(d) Except as otherwise provided in NRS 33.031, is currently subject to:
(1) An extended order for protection against domestic violence pursuant to NRS 33.017 to 33.100, inclusive, which includes a statement that the adverse party is prohibited from possessing or having under his or her custody or control any firearm while the order is in effect; or
(2) An equivalent order in any other state;
(e) Is a fugitive from justice;
(f) Is an unlawful user of, or addicted to, any controlled substance; or
(g) Is otherwise prohibited by federal law from having a firearm in his or her possession or under his or her custody or control.
--> A person who violates the provisions of this subsection is guilty of a category B felony and shall be punished by imprisonment in the state prison for a minimum term of not less than 1 year and a maximum term of not more than 6 years, and may be further punished by a fine of not more than $5,000.
2. A person shall not own or have in his or her possession or under his or her custody or control any firearm if the person:
(a) Has been adjudicated as mentally ill or has been committed to any mental health facility by a court of this State, any other state or the United States;
(b) Has entered a plea of guilty but mentally ill in a court of this State, any other state or the United States;
(c) Has been found guilty but mentally ill in a court of this State, any other state or the United States;
(d) Has been acquitted by reason of insanity in a court of this State, any other state or the United States; or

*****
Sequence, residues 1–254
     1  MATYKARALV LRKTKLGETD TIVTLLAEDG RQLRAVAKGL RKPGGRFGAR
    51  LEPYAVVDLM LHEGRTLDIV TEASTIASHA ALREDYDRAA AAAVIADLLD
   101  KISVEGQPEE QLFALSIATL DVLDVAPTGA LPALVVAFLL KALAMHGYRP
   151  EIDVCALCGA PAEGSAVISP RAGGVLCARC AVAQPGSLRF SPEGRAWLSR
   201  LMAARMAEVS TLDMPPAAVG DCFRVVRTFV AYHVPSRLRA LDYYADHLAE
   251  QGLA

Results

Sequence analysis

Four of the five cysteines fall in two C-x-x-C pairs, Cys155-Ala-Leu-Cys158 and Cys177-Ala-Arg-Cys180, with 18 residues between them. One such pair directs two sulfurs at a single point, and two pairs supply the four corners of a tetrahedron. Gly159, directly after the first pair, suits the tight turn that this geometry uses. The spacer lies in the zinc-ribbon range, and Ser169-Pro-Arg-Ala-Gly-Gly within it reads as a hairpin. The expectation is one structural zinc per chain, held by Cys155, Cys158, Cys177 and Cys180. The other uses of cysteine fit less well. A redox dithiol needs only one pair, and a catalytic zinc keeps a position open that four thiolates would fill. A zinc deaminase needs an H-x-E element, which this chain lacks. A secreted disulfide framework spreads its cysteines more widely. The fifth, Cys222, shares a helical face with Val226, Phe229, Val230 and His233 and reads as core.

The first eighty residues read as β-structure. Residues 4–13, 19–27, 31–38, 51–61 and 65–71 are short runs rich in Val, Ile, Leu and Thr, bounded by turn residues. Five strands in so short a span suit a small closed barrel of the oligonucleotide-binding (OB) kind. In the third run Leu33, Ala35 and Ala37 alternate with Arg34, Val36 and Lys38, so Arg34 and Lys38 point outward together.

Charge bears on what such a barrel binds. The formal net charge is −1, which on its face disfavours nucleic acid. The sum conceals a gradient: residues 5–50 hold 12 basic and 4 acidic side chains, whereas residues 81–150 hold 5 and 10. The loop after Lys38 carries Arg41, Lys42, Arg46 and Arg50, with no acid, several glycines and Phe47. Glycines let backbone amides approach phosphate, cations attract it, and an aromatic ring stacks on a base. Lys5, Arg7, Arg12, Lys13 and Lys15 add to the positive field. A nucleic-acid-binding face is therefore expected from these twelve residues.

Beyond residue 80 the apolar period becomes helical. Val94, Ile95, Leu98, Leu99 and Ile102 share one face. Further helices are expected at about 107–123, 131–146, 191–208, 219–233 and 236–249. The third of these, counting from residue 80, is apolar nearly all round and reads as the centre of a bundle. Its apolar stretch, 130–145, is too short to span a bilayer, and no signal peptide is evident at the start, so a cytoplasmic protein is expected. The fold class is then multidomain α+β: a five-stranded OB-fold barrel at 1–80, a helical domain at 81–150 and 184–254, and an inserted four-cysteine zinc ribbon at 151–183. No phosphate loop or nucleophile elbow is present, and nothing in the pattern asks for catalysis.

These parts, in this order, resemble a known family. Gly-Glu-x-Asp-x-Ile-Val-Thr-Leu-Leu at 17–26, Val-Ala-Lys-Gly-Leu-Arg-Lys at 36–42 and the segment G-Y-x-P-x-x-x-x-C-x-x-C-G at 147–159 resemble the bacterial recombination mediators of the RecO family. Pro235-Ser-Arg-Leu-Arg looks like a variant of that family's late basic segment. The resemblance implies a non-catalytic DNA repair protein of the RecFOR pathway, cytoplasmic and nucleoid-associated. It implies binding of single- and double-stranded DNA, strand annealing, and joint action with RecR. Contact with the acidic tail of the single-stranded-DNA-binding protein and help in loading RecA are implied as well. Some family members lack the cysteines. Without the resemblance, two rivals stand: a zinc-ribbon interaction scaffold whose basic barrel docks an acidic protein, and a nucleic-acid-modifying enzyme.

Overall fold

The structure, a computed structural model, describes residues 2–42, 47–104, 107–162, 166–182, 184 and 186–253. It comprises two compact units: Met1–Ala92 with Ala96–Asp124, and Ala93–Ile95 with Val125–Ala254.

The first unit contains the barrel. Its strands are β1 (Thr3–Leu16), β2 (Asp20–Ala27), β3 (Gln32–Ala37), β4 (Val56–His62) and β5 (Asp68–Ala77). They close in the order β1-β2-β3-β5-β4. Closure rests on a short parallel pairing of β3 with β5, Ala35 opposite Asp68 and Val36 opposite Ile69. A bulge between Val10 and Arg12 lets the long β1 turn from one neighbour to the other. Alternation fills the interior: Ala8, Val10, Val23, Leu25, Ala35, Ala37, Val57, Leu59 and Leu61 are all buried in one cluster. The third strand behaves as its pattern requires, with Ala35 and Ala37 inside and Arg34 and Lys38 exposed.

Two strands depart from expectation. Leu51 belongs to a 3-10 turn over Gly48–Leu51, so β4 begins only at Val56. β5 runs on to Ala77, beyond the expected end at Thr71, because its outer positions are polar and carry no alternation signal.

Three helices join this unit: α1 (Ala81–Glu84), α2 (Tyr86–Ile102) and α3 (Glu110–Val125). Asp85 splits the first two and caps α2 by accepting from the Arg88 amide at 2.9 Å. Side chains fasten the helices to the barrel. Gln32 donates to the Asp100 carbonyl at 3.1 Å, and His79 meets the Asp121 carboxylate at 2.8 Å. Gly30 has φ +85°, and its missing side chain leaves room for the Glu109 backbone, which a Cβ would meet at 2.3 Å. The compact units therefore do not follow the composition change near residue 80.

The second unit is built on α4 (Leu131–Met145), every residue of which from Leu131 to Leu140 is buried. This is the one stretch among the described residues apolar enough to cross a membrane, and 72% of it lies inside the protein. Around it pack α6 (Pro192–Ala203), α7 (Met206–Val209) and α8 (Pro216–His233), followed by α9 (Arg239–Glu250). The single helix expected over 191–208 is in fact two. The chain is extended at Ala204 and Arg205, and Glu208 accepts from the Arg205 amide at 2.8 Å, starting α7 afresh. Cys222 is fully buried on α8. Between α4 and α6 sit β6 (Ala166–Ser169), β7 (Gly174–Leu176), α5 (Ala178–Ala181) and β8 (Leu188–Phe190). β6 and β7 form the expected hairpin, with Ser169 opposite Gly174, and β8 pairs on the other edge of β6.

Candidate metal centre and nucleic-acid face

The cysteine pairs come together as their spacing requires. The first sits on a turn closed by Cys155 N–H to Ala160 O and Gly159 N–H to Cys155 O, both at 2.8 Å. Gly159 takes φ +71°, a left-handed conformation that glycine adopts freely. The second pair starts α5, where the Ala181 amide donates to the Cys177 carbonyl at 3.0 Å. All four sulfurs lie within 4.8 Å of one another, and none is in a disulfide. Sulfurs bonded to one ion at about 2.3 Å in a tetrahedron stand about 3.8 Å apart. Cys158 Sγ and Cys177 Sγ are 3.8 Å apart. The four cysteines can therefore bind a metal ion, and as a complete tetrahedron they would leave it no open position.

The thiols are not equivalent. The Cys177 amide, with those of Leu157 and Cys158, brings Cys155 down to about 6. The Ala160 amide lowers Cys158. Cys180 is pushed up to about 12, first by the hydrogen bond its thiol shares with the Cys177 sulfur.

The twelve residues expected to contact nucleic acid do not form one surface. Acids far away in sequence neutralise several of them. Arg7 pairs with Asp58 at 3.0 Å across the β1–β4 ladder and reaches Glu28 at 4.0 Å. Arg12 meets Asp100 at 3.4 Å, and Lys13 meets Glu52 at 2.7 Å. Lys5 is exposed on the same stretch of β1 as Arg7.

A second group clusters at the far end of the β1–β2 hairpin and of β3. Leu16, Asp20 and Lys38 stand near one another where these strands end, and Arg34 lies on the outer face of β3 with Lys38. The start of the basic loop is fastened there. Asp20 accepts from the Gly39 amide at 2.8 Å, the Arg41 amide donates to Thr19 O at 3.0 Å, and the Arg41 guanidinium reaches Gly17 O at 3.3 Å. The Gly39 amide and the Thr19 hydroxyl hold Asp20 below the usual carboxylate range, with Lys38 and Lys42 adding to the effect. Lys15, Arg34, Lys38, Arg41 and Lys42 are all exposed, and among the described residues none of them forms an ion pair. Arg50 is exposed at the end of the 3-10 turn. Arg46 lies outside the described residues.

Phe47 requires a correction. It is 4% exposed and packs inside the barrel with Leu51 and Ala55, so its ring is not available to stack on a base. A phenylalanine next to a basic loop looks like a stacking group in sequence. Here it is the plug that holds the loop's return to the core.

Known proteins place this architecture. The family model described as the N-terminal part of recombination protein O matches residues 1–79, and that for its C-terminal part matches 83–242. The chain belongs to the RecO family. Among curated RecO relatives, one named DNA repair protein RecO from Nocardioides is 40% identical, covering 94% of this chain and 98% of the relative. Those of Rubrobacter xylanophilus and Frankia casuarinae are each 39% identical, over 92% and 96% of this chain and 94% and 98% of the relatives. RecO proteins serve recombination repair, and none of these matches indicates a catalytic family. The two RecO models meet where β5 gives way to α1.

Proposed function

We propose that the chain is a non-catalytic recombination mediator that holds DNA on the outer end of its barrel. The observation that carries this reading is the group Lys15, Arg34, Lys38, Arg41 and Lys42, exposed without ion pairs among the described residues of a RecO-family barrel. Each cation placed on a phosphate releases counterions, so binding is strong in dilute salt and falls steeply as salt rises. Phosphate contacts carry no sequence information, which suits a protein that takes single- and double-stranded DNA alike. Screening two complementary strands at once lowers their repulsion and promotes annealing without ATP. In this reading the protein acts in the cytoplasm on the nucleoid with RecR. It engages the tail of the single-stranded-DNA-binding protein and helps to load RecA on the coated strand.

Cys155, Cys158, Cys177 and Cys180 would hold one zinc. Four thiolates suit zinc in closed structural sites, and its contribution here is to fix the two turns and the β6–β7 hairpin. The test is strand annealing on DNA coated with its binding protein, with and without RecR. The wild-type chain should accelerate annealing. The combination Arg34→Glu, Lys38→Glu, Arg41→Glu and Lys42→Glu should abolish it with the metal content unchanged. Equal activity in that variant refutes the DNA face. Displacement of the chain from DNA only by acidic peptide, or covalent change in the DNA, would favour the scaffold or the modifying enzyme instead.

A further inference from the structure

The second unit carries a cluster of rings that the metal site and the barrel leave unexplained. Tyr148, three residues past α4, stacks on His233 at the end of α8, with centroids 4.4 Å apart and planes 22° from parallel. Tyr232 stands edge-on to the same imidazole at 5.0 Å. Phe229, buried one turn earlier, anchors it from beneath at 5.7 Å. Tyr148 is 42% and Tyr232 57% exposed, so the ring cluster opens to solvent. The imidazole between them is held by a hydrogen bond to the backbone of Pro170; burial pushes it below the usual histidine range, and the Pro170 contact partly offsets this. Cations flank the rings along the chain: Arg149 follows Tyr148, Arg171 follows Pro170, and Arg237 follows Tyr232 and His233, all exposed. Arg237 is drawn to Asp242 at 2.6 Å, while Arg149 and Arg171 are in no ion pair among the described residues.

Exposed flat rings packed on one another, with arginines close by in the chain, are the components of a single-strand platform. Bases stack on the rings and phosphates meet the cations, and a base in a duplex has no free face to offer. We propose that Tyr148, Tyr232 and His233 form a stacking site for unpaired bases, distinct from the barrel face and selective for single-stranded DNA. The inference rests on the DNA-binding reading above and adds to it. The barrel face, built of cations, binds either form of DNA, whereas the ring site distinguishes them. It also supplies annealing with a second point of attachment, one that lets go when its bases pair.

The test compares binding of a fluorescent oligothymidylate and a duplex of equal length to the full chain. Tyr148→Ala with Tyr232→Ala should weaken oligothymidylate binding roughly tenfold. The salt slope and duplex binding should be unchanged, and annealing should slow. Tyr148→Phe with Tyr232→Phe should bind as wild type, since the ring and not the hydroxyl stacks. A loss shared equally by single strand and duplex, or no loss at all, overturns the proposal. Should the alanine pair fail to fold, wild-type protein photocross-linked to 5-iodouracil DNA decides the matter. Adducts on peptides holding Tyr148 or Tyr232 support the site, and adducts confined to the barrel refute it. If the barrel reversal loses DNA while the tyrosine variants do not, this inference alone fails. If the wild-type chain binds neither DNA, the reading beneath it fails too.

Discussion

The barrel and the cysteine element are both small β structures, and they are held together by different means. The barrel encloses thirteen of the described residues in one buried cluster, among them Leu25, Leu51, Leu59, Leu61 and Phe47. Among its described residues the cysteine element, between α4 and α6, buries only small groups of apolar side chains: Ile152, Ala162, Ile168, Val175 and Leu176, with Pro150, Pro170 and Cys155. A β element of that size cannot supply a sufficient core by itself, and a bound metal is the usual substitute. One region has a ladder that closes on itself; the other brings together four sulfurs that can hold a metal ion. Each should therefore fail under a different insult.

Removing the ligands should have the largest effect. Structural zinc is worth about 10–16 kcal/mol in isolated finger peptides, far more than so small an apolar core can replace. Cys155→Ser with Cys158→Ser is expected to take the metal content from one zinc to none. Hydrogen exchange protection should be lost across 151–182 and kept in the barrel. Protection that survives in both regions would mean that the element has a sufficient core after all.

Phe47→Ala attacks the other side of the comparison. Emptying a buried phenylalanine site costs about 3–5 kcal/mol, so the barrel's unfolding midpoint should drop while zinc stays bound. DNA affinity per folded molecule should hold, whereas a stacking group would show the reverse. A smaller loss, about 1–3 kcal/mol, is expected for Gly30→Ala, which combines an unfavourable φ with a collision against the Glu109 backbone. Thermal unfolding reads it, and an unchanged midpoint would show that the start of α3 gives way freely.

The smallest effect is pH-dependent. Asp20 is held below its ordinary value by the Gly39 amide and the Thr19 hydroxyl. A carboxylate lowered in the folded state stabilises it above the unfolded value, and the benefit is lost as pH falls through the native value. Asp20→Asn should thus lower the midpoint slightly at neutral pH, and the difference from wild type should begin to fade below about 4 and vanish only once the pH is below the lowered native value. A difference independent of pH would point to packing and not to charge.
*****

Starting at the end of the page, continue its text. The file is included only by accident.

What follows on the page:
(e) Is illegally or unlawfully in the United States.
--> A person who violates the provisions of this subsection is guilty of a category D felony and shall be punished as provided in NRS 193.130.
3. As used in this section:
(a) “Controlled substance” has the meaning ascribed to it in 21 U.S.C. § 802(6).
(b) “Firearm” includes any firearm that is loaded or unloaded and operable or inoperable.
In California? See our article on felon in possession of a firearm (PC 29800).
In Colorado? See our article on possession of a weapon by a previous offender (CRS 18-12-108).
- Nevada Revised Statute 202.360; 18 U.S.C. § 921(a)(33); also see our article about battery domestic violence (NRS 200.485).
- NRS 202.360; also see our article about stalking (NRS 200.575).
- Also see our article about Governor’s pardons; also see Attorney General Opinion 83-13 (9-14-1983).
- Also see our article on guns and extended restraining orders.
- 18 U.S. Code § 922.
- NRS 202.360.
- 18 U.S.C. § 922(g).
- NRS 202.360.
- See e.g., State ex rel. Orsborn v. Fogliani, 82 Nev. 300, 417 P.2d 148 (1966); Sanders v. State, 96 Nev. 341, 609 P.2d 324 (1980).
- See, e.g., Allan v. State, 103 Nev. 512, 746 P.2d 138 (Nevada Supreme Court, 1987); Wyatt v. State, 86 Nev. 294, 468 P.2d 338 (1970); also see our article about search warrants.
- NRS 200.275.
- 8 U.S. Code § 1227
- NRS 179.245; NRS 179.255.